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A Contest of Brains and Beauty


It's time for another Cyburbia encyclopedia CD-ROM showdown!

Back in 1994, just as the CD-ROM market was poised to take off, we looked at the three digital encyclopedias to compare their content, ease of use and multimedia features.

Now that the CD-ROM market has peaked and undergone a tremendous down slide (or shakeout, depending how you look at it), it's time to examine the latest contenders in computer encyclopedias. Two of them are enhanced versions of titles we looked at previously--Grolier and Microsoft Encarta. In addition, we examine Collier's and World Book.

Just as in 1994, we tested them by looking up, in each, these topics: Rev. Martin Luther King Jr's "I Have a Dream" speech, military ranks, the Stonewall gay rights riot and Japanese woodblock artist Katsushika Hokusai. This time around, we added late pianist Glenn Gould.

Here's how the CD-ROM encyclopedias fared.

* Collier's: I have no doubt a lot of work went into this three-disk set from Sierra software ($79.95), but it's hampered by a confusing interface, painfully slow action and an ugly design.

As for content, Collier's didn't do badly. It included a 1-minute, 20-second sound clip from King's 1963 speech, a highly informative section on military ranks, a short entry on Hokusai that included four pictures and an excellent piece on Gould by music writer Tim Page. The only Stonewall entry was on Stonewall Jackson.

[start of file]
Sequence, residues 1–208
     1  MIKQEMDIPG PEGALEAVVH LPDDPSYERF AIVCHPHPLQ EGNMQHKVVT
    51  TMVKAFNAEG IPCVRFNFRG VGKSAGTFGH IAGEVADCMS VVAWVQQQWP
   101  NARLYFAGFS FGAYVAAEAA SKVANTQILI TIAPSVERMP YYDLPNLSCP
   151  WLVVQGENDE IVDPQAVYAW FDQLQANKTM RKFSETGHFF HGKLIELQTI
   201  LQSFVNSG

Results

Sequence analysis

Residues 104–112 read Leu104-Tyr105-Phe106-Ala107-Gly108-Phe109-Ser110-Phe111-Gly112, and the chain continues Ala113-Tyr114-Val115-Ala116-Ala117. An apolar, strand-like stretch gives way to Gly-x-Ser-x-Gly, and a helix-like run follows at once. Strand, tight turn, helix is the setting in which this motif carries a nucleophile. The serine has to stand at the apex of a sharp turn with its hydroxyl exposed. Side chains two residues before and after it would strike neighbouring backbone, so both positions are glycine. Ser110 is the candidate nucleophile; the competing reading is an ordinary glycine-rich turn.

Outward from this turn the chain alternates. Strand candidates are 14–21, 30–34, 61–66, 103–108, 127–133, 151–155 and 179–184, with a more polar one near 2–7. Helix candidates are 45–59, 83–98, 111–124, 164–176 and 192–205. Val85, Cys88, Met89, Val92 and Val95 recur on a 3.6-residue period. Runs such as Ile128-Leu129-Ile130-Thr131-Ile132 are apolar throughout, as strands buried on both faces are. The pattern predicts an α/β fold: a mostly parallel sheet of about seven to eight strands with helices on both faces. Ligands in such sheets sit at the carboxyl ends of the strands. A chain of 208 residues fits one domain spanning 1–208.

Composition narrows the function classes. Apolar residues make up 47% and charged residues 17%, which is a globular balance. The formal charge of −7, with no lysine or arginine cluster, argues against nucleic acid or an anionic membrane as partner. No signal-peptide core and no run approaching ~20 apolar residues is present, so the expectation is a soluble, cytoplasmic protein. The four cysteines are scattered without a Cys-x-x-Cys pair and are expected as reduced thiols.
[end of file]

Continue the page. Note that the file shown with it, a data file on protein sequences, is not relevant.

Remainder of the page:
* Grolier: This plain-looking product took the honors back in 1994 for ease of use and speed. It has lost little in those departments in its latest version ($49.95).

The CD-ROM had a short, 30-second audio clip of King, but Grolier's was the only product tested to include the speech's full text. There were: a history of military ranks, but no list of what the military now uses, a short but informative piece on Stonewall and features on Hokusai and Gould that included pictures.

* Encarta: This two-disk set runs away with the "most improved" award over its previous offering. It sports a beautiful, fast-moving interface that makes its many features readily accessible and a joy to use.

We tested the deluxe version (about $80 from Microsoft) and there is also an abridged version that has fewer multimedia features and fewer entries (about $55).

In content, Encarta had a 20-second sound clip of King's speech linked to a lengthy article that included other speech clips, numerous pictures and newspaper articles. I could find nothing much on modern military ranks, but the Stonewall event was included in the "Homosexuality" entry under "Activism and Current Issues." The piece on Hokusai included one picture and the entry on Gould actually had a short sound clip of him playing Bach.

* World Book: The digital version of the famous encyclopedia comes in a two-disk set ($59.95 from IBM). It looks fine, but it's a bit slow moving.

It included a 17-second video clip that enables the user to actually see King making his most famous speech.

The military rank article had no list of modern ranks and there was no mention at all of the Stonewall event. The entry on Hokusai had, surprisingly, no pictures of the artist's work. The piece on Gould did have a picture, but no sound clip.

* Cyburbia's e-mail address is david.

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